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The Spokesman-Review Newspaper
Spokane, Washington  Est. May 19, 1883

Washington Guard training for deployment to Poland

A Stryker armored fighting vehicles from the Washington National Guard’s 81st  Brigade Combat Team drives down a dusty road at the Yakima  Training Center on the way to a training exercise in June 2018. The unit will return to the center next month as it prepares for a 2021 deployment to Poland. (Jim Camden / The Spokesman-Review)

Washington’s largest Army National Guard unit begins training next month for an expected overseas deployment to Eastern Europe in 2021.

The 81st Brigade Combat Team has been put on the list for a yearlong assignment to Poland as part of a multinational force known as Enhanced Forward Presence, said Col. Shaughnessy Hodge, the brigade commander.

While there, the brigade will participate in a series of training exercises with the North Atlantic Treaty Organization as well as some exercises with individual countries, Hodge said. The United States deploys a combat unit to Europe for a year to be available for multiple exercises rather than sending different groups for each individual exercise.

The training will take place in multiple locations throughout the year, but the 81st will be based in two or three locations in Poland, Hodge said.

It will also help with a training academy for noncommissioned officers from the Ukrainian army to help bolster “institutional professionalism,” Hodge said.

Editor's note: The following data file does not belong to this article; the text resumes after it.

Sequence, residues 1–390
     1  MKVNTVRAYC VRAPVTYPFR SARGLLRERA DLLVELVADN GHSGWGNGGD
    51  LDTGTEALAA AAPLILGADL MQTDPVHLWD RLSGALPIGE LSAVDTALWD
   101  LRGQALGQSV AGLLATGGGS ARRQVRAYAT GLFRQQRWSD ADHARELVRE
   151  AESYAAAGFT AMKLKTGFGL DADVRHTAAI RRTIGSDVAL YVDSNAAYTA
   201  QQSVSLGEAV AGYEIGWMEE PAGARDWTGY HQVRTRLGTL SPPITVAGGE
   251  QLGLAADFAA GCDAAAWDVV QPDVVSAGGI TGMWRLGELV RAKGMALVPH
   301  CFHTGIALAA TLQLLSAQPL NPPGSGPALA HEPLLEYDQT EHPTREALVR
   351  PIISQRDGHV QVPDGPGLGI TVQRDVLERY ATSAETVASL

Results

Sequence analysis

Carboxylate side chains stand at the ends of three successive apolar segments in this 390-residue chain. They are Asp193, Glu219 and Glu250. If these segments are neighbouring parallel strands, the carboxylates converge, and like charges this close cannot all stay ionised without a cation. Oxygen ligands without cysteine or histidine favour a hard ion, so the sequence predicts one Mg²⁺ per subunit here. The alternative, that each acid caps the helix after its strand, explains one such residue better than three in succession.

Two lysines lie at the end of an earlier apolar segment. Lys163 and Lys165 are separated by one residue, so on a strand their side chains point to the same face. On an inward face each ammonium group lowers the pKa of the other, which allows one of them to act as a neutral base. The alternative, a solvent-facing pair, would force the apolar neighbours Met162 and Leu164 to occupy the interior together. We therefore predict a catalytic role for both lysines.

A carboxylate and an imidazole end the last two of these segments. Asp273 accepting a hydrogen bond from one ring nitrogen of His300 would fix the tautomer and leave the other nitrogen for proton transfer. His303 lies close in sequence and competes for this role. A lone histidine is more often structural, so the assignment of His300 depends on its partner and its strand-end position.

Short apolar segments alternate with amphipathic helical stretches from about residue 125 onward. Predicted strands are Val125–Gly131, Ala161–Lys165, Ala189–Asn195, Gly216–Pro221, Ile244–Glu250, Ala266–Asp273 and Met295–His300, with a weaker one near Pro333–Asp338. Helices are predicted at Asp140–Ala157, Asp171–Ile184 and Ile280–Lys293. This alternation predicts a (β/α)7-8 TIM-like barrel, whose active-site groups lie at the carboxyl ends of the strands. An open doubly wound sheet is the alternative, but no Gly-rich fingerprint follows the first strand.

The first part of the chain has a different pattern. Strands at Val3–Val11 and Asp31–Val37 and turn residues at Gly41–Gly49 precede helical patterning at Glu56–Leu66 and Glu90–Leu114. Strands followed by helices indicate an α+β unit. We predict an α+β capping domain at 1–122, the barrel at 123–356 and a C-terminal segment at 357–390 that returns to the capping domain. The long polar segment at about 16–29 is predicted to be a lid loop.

The brigade, which is equipped with Stryker armored fighting vehicles, has its headquarters at Camp Murray near Tacoma. It has about 4,000 members assigned to units based in Washington, Oregon and California.

Soldiers will begin preparations for the deployment in June at the Yakima Training Center. Next summer, they will be sent to the National Training Center at Fort Irwin, California, for a second round of training before the one-year deployment in 2021.

The brigade will also be looking to bolster its Eastern European language proficiencies, Hodge said.

The 81st was deployed twice to Iraq for one-year stints, first in March 2004 and again in August 2008. About two years ago, it began making the transition from Bradley fighting vehicles to Strykers.

As that transition ended, the unit knew it was “approaching that window” in which another overseas deployment would be assigned, Hodge said. This would be a different deployment from its two previous assignments to a war zone.

NATO describes Enhanced Forward Presence as a way to place combat-ready units in Eastern Europe “demonstrating the strength of the trans-Atlantic bond.” The alliance has multinational forces along Russia’s western borders, led by the United Kingdom in Estonia, by Canada in Latvia, by Germany in Lithuania and by the United States in Poland.

“The presence makes clear that an attack on one ally will be considered an attack on the whole alliance,” a NATO fact sheet on the operation says.